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Nutrition for muscle gain

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  • Nutrition for muscle gain

    Hi all,

    If I understand Mark's post on gaining weight and increasing muscle correctly, it sounds like I should still roughly maintain my current macronutrient levels. Right now, I'm getting about 50% or so of my calories from fat, around 20% or less from carbs, and 30-35% from protein. However, that is on a calorie deficit so it works out to something like 85g of fat, 70g of carbs, and 95-100g of protein on a normal day. I've been doing that for a few months and have had great weight loss success. However, I've decided to pack ona few pounds of muscle, and then go back to the calorie deficit. My goal is more body fat % than end weight and I've heard it might behoove me to add the weight now before I get all the way down.

    So, the situation now is that I figure I need to eat around 3,200 cals a day and I should take in around 200g or so of protein. That leaves me eating around 195g of fat and 165g of carbs if I kept roughly the same macros. Is that right? It just worries me that it's high carb and high fat. I know I could drop the fat, but I'm worried about eating enough if I do that. I'm really satisfied now at 1300-1400 cals and am really not sure how I will eat 3200 (or afford it).

    Thanks for the help.

  • #2
    Holy cow, that some serious jump in calories. Before you do anything this extreme, I would just go with 1.5 g of protein per lb of body weight, and let the other two macros to fall to 20% fat on lifting days (and the rest in carbs) and 40-60% on non-lifting days (and low carb). Bulking up from higher body weight, watch your muscle to fat gaining ratio. If you are gaining >25% of your bulk in fat, I'd suggest cutting super low first, then bulking up from that ultra-lean state.
    My Journal: http://www.marksdailyapple.com/forum/thread57916.html
    When I let go of what I am, I become what I might be.

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    • #3
      With my schedule, I'm thinking I would have to lift in the evening. So, would I amend that to say that I should eat higher carb and lower fat the 24 hours after lifting. Then higher fat/lower carb until my next lift, and so on? Do I need the carbs the morning before I lift, for example?

      Hypothetically, I would work out Tue/Thu/Sun. So, Sunday evening and Monday morning and afternoon would be with the higher carb concentration and lower fat. Then, Tuesday morning and afternoon would be more normal paleo (but still fairly high calorie). Is that the right way to go?

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      • #4
        You would want ~ 30 g carbs and 15 g protein ~ 1 hr before workout, and the bulk of your carbs within 24-36 hrs after training, starting with a large meal with the starches after workout (your supper), and slowly going towards more fibre-rich carbs as you reefed (the day after lifting). So, with your schedule a large meal of say rice or boiled potatoes after workout with lean protein, then a carby breakfast (sweet potato; banana), then fruit/high fibre veggies for lunch, then normal meal (or skip) for supper).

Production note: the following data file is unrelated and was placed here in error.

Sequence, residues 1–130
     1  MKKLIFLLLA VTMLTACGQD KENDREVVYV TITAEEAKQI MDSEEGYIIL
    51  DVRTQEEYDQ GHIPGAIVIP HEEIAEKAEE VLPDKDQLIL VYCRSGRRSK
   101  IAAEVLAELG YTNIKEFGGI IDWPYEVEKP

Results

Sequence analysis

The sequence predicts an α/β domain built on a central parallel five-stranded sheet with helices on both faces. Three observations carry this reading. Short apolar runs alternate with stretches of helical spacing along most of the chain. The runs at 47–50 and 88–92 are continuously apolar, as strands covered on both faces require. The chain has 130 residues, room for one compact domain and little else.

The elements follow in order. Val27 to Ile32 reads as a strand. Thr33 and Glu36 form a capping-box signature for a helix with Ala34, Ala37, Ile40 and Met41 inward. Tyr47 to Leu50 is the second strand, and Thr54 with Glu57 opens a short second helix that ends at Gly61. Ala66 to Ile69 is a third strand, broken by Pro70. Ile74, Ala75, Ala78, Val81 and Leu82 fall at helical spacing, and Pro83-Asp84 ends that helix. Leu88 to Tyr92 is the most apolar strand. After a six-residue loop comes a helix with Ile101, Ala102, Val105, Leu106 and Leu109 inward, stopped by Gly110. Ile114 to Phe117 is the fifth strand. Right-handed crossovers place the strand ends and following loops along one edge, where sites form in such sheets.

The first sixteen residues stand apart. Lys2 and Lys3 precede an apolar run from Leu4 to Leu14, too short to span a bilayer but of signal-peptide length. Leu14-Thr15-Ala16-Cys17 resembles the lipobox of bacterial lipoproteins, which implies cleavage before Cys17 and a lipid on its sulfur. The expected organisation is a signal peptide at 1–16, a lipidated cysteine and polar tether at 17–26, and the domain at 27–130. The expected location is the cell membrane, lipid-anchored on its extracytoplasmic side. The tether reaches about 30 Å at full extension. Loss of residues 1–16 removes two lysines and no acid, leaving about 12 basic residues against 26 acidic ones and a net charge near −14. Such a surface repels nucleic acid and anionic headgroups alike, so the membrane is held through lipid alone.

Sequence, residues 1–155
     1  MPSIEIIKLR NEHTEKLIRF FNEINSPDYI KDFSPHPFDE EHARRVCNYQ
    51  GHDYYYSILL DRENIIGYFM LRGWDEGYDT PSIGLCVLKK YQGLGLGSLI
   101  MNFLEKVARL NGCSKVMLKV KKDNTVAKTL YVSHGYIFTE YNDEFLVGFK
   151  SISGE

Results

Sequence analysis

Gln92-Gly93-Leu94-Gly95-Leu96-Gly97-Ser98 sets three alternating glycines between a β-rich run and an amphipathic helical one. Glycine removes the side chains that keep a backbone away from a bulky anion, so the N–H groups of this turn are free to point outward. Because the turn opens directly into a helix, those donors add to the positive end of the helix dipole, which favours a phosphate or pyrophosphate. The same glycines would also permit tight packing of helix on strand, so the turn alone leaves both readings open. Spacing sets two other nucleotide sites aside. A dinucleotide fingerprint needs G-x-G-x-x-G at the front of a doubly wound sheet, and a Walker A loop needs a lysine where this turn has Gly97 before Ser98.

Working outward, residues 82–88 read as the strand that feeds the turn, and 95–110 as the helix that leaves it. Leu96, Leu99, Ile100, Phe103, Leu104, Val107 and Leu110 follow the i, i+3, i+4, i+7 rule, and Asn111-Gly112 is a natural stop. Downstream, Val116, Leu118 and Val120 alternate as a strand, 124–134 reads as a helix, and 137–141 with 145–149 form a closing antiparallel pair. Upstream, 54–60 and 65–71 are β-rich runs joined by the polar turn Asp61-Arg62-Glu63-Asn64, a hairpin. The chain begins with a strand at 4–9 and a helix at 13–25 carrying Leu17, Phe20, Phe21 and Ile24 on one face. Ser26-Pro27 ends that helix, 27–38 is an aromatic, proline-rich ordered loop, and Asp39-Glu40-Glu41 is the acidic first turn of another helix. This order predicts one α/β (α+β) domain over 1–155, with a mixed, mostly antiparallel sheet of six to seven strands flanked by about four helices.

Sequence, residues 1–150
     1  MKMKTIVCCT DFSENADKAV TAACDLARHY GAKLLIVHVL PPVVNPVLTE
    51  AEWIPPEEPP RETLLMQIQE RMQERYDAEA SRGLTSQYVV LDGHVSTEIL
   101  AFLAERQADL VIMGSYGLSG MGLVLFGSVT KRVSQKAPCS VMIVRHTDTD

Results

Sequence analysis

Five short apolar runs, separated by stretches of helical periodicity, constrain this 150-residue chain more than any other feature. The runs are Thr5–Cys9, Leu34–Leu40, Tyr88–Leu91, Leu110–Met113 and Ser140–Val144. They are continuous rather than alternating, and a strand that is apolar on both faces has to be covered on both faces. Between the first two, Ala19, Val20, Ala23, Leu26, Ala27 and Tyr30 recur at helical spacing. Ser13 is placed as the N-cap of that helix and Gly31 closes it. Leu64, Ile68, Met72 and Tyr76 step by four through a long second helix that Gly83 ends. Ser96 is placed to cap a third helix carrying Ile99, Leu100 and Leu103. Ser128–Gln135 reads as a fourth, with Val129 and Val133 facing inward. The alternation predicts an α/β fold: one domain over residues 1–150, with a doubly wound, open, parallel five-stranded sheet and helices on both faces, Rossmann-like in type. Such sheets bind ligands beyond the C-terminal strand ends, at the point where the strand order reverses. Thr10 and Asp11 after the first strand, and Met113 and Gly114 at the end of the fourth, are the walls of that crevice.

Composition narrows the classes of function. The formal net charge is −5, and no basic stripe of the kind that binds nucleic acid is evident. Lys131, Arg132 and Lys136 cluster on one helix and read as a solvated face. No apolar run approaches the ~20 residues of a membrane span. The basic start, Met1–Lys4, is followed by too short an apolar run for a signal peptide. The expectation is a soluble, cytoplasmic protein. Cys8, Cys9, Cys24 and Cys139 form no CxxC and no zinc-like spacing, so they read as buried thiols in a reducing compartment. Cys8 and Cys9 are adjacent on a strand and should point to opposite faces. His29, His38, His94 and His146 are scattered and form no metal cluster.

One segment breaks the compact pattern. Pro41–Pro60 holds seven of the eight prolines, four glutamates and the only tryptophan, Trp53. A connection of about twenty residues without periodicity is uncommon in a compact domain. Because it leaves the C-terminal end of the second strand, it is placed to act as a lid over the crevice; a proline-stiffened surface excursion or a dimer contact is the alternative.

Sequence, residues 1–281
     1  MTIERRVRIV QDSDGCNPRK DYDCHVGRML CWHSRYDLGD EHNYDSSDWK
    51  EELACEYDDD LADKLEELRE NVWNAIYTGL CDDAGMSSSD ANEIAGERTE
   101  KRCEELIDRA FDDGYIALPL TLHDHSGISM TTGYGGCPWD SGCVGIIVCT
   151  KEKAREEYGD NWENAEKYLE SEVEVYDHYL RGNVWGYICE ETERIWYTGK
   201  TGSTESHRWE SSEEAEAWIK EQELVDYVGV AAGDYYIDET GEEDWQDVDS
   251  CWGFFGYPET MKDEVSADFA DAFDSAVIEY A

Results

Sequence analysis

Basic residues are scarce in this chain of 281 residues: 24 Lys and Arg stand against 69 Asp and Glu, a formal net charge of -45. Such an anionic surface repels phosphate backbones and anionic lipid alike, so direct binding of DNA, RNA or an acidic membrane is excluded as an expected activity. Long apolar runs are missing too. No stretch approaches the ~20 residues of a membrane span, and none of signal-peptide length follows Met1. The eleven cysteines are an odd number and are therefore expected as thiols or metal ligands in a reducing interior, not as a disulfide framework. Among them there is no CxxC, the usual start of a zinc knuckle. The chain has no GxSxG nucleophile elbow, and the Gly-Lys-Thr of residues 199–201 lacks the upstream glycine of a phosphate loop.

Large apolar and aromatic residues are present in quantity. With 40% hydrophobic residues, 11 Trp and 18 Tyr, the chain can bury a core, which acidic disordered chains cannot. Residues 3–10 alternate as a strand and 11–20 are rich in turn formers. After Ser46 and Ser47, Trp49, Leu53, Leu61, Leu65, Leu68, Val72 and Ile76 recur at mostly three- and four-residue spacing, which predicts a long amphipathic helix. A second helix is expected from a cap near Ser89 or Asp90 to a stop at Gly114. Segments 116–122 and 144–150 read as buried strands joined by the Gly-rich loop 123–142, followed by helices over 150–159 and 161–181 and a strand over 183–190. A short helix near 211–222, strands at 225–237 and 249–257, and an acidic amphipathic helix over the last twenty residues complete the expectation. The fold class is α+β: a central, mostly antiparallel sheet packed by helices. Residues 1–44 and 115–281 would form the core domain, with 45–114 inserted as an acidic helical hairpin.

My Journal: http://www.marksdailyapple.com/forum/thread57916.html
        When I let go of what I am, I become what I might be.

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        • #5
          I'm in losing weight mode and am also doing HIT rowing and Body by Science strength training. As I am increasing weight or reps each BbS session, I do not understand why there is a need for any "special food" to increase muscle mass.

          Am I unique, thick, doing something wrong?
          Why use a sledge hammer to crack a nut when a steam roller is even more effective, and, is fun to drive.

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          • #6
            are you a male or female? age, height, weight, bodyfat percentage? current exercise routine?

            the way it looks, you're pretty much intending on doubling your intake. seems unnecessary. most lifters trying to add some muscle mass start with roughly a 500 calorie increase, then tailor their needs from there. where are you getting your info?

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            • #7
              As I am increasing weight or reps each BbS session, I do not understand why there is a need for any "special food" to increase muscle mass.
              Beginner's linear gains do not last forever; your starting point in terms of fat % will determine how long you can improve strength on def. if you are in a deficit, it is easy to lose muscle mass, in fact unless you are a genetic wonder, you eventually will. Food helps to minimize muscle mass at deficit and promotes muscle gain (and minimizes fat gain) at maintenance or bulk.
              Last edited by Leida; 08-01-2012, 09:45 AM.
              My Journal: http://www.marksdailyapple.com/forum/thread57916.html
              When I let go of what I am, I become what I might be.

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              • #8
                eat massive amounts of good quality food, theres nothing else to it. you really shouldnt care about timing unless you want to cut which i feel is more vital then bulking. your going to gain some fat, its impossible not to.

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                • #9
                  Originally posted by Leida View Post
                  Beginner's linear gains do not last forever; your starting point in terms of fat % will determine how long you can improve strength on def. if you are in a deficit, it is easy to lose muscle mass, in fact unless you are a genetic wonder, you eventually will. Food helps to minimize muscle mass at deficit and promotes muscle gain (and minimizes fat gain) at maintenance or bulk.